That’s not your fault or the pig’s. That’s aesthetics and the human mind’s reaction to it. Miley may be cute. But the pig is unbelievably cute, triggering something called cute overload or, more properly, cute aggression. Recent research suggests it’s real and really paradoxical: when something’s cute—like a baby, or a cartoon with Disney eyes, or this Ewok-esque dog—it sparks a nurturing instinct. You want to cuddle it, take it home, and never think of anything else. It’s why the MIA is expecting a big, nurturing crowd for its upcoming Dog Day MIA event on September 7 (cute dogs welcome).
But cute can also spark uncontrollable rage. Researchers recently showed people pictures of cute things as well as aesthetically neutral things, and most people got angry when looking at the cute things. In fact, given some bubble wrap, they popped a lot more of it when looking at cute pictures—a manifestation of anger. Here’s a personal example: When I was much younger, my little sister always wore this certain adorable sweatshirt—she was adorable, the sweatshirt was adorable, and all I wanted to do was punch it. In fact, I called it her “punchy shirt.”
Yeah, it doesn’t make any sense, and scientists think that’s because the brain isn’t making sense when it perceives cuteness. It’s confused. Both care-giving and aggression—the act of release in squeezing, hitting, punching—are highly rewarding: dopamine floods the brain cortex. And it’s possible that frustration at not being able to satisfy the intense desire to care for the incredibly cute thing leads to violence—right reward, wrong instinct. Cute overload.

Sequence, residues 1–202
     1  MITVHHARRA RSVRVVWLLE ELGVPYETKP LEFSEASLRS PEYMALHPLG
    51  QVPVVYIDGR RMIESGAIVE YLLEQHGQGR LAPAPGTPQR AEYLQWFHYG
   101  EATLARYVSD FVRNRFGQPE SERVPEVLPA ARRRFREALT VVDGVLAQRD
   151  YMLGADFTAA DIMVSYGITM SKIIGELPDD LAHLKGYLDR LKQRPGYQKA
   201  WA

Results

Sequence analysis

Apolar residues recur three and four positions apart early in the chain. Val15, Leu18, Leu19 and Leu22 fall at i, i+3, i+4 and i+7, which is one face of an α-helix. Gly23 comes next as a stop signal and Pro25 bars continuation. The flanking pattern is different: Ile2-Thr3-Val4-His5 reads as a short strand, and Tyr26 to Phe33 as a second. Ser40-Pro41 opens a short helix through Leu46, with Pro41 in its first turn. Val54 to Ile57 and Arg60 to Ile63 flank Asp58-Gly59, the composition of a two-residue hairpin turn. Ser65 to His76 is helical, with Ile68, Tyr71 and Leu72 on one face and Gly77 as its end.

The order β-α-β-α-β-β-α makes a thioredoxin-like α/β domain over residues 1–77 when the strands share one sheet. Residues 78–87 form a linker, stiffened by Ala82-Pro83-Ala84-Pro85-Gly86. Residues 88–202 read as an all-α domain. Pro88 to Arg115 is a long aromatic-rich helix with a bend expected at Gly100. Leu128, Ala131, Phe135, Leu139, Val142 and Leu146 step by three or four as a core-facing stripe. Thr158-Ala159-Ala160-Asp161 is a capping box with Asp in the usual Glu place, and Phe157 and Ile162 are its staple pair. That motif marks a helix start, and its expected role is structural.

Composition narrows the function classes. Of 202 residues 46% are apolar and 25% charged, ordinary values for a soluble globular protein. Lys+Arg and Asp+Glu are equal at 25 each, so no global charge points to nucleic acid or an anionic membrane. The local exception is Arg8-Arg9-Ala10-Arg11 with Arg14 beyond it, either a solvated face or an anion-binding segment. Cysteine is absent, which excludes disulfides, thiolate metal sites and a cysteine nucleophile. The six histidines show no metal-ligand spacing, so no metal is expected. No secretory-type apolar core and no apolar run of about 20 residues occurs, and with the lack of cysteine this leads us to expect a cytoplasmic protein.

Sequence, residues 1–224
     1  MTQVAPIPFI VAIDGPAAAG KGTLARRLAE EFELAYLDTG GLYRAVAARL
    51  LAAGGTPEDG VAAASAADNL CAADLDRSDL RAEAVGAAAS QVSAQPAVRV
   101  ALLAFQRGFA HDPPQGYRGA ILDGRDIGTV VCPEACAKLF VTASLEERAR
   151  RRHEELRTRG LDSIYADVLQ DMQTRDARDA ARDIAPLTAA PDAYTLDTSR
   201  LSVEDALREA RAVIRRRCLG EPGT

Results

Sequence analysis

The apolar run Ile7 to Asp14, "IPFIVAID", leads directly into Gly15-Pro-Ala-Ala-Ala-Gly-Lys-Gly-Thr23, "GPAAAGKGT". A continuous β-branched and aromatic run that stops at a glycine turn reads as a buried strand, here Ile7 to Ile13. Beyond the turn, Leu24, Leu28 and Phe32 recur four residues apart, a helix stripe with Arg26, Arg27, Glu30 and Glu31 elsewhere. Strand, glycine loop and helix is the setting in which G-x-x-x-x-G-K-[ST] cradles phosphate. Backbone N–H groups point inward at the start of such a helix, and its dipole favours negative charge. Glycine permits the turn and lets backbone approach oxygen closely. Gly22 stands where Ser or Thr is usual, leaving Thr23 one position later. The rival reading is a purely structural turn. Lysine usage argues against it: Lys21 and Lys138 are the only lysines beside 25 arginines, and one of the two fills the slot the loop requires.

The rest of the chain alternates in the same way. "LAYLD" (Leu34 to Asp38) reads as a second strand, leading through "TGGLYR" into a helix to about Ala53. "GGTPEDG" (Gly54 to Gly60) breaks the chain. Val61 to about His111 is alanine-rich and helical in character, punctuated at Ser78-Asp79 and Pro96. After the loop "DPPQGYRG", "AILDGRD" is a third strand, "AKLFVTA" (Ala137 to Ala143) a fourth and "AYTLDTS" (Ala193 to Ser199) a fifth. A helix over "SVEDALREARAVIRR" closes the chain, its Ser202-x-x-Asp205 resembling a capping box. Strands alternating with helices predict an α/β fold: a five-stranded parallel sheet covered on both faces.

In some cultures, artists have manipulated this response for centuries. It’s what Japanese cartoonists are banking on when drawing manga and what some Japanese girls are banking on when they modify their appearance to look kawaii—I’m cute, take care of me: obsession meets male aggression in a traditionally paternalistic society. It might even explain the unforeseen phenomenon of Bronies: teenage boys, raging on hormones, addicted to My Little Pony. Or why a lot of people want to punch Jeff Koons.
There are other artistic lessons here: Contemporary artists hoping to provoke anger and outrage with intentionally ugly work might want to reconsider their tactics. And museums might want to watch their cute art. Visitors haven’t yet hugged the charming Japanese sculpture Your Dog to pieces at the MIA, and perhaps that’s because it’s cute but also huge, almost menacing. Were it small and cuddly like, say, an infant pig, heaven help it.